The Department of the Air Force on Tuesday made a long-awaited contract award to begin its Enterprise IT as a Service (EITaaS) initiative, a project that aims to largely outsource the day-to-day management of its IT infrastructure.
The award for the first phase of the EITaaS program, dubbed “Wave 1,” went to a team of 10 vendors led by Chantilly, Va.-based CACI. The Air Force made the award as a blanket purchase agreement worth up to $5.7 billion over 10 years. Officials said they conducted the competition within the General Services Administration’s Schedules program, and the CACI team beat out three competing offers.
In the first wave, the focus will be on devices and manpower. The vendors will be responsible for IT service management, end user devices, and various support services, including operating a centralized helpdesk for the Air Force and Space Force.
Venice Goodwine, the director of enterprise information technology in the Air Force CIO’s office, said Wave 1 will also include an “IT store.”
“That allows us to consistently purchase any IT services across the Department of the Air Force,” she said during a Aug. 26 event hosted by Washington Technology. “All these capabilities allow us to be modeled after industry best practices, but it’s also cost effective for the Air Force mission as well. It’s going to allow us to have a seamless IT experience. One of the things we’re getting will be instead of a desktop configuration which may have been reconfigured across the department, we now will have one enterprise configuration. So you might imagine that helps us with the defense of our network, but it also helps with the user experience that is very important for us as well. And the focus will also be on a seamless IT experience, as you know, with our help desk.”
In the second wave, set to be awarded in calendar year 2023, the Air Force plans to conduct a new competition for vendors to run its base-area networks. A third wave will focus on wide-area networks.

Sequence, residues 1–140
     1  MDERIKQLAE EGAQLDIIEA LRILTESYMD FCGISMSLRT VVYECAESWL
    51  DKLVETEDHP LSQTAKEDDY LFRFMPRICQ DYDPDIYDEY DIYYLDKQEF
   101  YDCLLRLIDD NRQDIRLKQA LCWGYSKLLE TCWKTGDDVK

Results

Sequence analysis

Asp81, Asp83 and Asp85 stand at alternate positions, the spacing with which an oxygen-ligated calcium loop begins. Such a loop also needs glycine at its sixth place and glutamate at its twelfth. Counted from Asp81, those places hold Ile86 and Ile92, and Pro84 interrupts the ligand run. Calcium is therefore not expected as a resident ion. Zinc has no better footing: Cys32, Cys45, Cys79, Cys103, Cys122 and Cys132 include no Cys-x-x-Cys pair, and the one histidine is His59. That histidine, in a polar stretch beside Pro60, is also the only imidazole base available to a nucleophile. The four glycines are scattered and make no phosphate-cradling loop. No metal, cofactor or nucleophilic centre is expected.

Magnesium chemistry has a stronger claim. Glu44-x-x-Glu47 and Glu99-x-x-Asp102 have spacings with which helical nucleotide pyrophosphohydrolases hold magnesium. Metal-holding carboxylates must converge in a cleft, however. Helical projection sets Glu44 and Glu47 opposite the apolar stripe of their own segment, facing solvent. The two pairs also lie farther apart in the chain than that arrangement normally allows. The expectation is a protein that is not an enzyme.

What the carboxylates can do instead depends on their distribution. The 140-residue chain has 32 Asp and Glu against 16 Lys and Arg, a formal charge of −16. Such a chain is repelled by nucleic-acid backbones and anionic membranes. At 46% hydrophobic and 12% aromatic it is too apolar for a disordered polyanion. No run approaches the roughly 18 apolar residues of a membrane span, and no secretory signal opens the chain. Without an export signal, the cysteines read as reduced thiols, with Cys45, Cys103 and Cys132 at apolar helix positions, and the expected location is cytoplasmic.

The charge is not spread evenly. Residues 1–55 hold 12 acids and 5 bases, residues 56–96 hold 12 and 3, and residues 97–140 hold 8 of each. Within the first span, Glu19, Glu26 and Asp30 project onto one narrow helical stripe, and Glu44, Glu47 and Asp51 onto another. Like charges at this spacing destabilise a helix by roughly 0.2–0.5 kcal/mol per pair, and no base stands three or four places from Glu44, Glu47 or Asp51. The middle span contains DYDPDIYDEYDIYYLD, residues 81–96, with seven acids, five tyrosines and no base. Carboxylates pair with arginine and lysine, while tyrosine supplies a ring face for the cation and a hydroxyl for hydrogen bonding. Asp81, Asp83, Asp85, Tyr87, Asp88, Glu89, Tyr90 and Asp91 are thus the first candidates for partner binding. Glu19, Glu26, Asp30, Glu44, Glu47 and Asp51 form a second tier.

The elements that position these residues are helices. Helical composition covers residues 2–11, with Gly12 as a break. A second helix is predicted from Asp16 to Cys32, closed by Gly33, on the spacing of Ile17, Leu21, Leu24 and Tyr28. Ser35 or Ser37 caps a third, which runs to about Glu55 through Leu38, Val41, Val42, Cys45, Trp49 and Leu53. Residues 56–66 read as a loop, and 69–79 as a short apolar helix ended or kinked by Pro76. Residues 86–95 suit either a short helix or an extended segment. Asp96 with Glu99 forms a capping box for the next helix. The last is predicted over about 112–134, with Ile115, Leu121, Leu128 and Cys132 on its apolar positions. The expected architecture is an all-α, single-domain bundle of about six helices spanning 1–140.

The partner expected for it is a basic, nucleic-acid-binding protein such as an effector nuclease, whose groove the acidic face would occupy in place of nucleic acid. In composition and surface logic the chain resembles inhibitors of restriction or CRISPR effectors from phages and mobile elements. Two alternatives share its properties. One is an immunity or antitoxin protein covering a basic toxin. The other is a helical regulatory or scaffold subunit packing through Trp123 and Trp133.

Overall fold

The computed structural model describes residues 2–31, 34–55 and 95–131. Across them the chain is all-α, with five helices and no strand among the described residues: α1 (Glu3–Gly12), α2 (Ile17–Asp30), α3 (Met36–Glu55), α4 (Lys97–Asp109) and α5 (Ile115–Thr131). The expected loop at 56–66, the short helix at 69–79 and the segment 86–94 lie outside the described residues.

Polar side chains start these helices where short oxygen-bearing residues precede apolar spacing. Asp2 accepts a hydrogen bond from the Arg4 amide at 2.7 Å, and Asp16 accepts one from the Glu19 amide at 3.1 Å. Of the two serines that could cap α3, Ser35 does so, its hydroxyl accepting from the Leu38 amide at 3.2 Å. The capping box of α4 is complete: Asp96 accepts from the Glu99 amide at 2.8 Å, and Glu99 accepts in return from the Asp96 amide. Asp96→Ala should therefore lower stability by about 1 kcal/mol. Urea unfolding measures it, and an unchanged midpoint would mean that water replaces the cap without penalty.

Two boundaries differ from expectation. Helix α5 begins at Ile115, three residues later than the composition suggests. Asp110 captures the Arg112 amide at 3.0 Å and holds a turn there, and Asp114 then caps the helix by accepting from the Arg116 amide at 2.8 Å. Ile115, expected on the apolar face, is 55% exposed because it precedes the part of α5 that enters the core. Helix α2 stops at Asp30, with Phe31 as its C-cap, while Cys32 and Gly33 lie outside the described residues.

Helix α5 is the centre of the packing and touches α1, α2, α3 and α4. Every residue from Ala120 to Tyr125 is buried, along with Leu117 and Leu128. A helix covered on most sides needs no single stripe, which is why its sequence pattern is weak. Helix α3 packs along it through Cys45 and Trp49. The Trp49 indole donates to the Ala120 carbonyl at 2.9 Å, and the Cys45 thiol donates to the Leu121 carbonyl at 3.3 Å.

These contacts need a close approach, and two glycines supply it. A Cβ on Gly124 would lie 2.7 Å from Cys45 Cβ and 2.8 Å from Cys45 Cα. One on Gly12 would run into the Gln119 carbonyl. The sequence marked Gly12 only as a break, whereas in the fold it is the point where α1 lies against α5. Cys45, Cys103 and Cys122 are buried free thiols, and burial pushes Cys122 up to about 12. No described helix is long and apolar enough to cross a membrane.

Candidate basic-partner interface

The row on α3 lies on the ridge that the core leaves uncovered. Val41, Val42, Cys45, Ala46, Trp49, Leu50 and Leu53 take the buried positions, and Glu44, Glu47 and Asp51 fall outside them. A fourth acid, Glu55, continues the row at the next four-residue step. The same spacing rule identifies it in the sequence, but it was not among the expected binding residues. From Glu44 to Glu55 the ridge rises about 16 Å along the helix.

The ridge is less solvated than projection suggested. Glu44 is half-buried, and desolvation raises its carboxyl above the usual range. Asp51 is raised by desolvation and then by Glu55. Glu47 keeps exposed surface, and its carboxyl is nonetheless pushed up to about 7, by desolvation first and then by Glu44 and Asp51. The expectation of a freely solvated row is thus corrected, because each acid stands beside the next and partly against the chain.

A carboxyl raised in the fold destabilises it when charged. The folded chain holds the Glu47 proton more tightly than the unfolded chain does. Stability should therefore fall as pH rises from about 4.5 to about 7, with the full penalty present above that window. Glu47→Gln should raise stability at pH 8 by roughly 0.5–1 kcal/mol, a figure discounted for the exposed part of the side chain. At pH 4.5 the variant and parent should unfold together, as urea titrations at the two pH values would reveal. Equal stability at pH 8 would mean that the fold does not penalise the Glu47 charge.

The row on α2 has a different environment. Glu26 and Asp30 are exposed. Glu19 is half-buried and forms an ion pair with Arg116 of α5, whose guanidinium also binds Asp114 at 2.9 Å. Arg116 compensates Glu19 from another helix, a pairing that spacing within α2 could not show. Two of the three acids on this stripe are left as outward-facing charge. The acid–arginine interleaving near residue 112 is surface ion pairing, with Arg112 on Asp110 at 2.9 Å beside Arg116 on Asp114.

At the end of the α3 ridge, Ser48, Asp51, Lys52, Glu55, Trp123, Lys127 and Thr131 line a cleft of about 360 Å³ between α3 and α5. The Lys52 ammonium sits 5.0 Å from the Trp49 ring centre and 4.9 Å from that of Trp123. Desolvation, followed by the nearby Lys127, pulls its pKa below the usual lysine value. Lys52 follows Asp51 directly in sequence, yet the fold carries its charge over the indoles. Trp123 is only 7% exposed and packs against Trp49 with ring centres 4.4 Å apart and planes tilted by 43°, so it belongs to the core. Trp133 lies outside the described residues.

The Air Force has been sketching out the EITaaS concept since at least 2017, and has awarded several other transaction agreements to prove out the idea on eight separate bases since then. The overarching goal is to get the Air Force out of the business of owning and operating commodity IT. Officials believe that letting industry handle those functions will keep the technology service members use more current, while also letting government personnel focus on higher-end tasks like cyber defense.
“It’s also very important that instead of having stovepiped individual networks within our major commands, we’ll have a campus-wide network. And requires us to collapse our infrastructure and lay the groundwork for zero trust,” Goodwine said. “All of this enables our zero trust implementation. And we wanted to make sure that as we talked about transforming our digital environment, we wanted to make sure we did it in a way that was cohesive, that we have operations that are interoperable, that we have devices that are state of the art, and that our manpower can be realigned to do that higher level work.”